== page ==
Plaintiffs contend, nevertheless, that there exists a genuine issue of material fact with respect to whether Elwyn is organized exclusively for eleemosynary purposes. They point out that it appears from Donaphon's deposition testimony that Elwyn has two wholly-owned profit-making subsidiaries. Plaintiffs do not explain, however, how Elwyn's ownership of these subsidiaries affects its corporate purpose or its entitlement to immunity under the statute. It is clear that a nonprofit corporation organized exclusively for charitable, educational or hospital purposes may come within the purview of N.J.S.A. 2A:53A-7 even though it has profit-making operations. See Kasten v. YMCA, 173 N.J. Super. 1, 412 A.2d 1346 (App. Div. 1980). The question in such a situation is "'whether the institution pleading the immunity, at the time in question, was engaged in the performance of the charitable objectives it was organized to advance,' and whether plaintiff then was truly a beneficiary thereof." Sommers v. Union Beach First Aid Squad, 139 N.J. Super. 425, 431, 354 A.2d 347 (App. Div. 1976), quoting Anasiewicz v. Sacred Heart Church, 74 N. J. Super. 532, 536, 181 A.2d 787 (App. Div. 1962). In the present case, plaintiffs do not dispute that Fred Seiderman was injured by Elwyn's activities, and not those of its profit-making subsidiary. Accordingly, the fact that Elwyn owns profit-making subsidiaries is not material, inasmuch as there is no dispute that Elwyn was engaged in the performance of its charitable objectives, and that plaintiff was a beneficiary thereof at the time of his injury.
Plaintiffs offer no other arguments, nor produce other evidence, to refute defendants' contentions, which are supported by affidavits and other documentation, that they are nonprofit corporations organized exclusively for purposes covered under N.J.S.A. 2A:53A-7. We note that defendants' motion for summary judgment had been adjourned to allow plaintiffs to conduct discovery on this issue, and that the discovery is now complete. Based on the record before us, for the reasons set forth above, we find that defendants have carried their burden of establishing that they are covered by N.J.S.A. 2A:53A-7, and that plaintiffs have failed to produce any evidence to create a genuine issue of material fact with respect to this issue.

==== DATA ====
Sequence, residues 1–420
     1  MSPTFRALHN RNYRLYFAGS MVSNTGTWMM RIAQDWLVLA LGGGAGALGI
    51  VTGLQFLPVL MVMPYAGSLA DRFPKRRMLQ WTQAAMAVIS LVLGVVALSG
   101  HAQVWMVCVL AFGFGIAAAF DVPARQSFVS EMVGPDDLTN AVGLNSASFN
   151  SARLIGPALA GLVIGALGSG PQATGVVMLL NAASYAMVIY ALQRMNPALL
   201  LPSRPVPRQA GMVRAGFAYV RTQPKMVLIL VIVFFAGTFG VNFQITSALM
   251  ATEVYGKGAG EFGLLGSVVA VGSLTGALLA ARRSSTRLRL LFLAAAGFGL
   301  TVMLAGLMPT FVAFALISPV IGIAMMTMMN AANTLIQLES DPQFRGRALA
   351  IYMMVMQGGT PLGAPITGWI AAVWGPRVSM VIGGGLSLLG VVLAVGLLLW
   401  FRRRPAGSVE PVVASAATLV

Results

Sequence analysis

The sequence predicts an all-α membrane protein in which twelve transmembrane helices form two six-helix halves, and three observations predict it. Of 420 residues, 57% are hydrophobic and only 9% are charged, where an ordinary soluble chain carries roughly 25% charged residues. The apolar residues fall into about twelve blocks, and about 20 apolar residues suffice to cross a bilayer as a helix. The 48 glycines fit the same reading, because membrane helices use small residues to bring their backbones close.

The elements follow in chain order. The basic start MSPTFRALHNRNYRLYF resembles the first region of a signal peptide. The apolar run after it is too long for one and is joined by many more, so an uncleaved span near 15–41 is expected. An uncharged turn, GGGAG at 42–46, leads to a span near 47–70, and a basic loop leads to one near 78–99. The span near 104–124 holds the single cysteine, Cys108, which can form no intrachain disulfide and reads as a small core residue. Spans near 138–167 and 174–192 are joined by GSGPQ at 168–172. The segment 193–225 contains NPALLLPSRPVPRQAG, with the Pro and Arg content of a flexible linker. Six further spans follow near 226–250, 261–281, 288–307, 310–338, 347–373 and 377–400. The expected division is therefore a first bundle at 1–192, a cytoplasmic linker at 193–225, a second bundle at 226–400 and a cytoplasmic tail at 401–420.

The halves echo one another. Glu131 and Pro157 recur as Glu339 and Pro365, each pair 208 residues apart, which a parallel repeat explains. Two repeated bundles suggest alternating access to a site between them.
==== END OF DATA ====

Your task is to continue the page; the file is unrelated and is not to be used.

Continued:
Having determined that AIMS and Elwyn are entitled to immunity under N.J.S.A. 2A:53A-7, we must determine the scope of that immunity and whether it applies to all of the claims alleged in the complaint. Plaintiffs point out that the statute by its terms refers only to "negligence" and argue, therefore, that AIMS and Elwyn are not immune from liability for their allegedly grossly negligent, wanton and willful misconduct. In response, defendants point to the legislative admonition, contained in N.J.S.A. 2A:53A-10, that the statute "shall be deemed to be remedial and shall be liberally construed so as to afford immunity to the said corporations . . . from liability as provided herein in furtherance of the public policy for the protection of nonprofit corporations, societies and associations organized for religious, charitable, educational or hospital purposes." Defendants contend that the remedial purposes of the statute will best be achieved by according immunity to all forms of negligent conduct.
This court's research has revealed no New Jersey cases precisely on point. In fact, the New Jersey Supreme Court recently declined to rule on the issue in Schultz v. Roman Catholic Archdiocese of Newark, 95 N.J. 530, 538-539, 472 A.2d 531 (1984). It explained:
We agree that a statute should be construed in light of probable legislative intent in the context of an evolving common law . . . . We see no evolution of common law doctrine that conflicts with the original legislative policy insofar as ordinary negligence of a charity's employees is involved. Courts have questioned whether the statute applies in cases of strict liability . . . . Whether immunity should cloak those with a reckless or gross disregard for the safety of others in a question that may have to be addressed . . . . Perhaps the time has come for the Legislature to consider again the scope of the law and its intended application to new theories of liability . . . .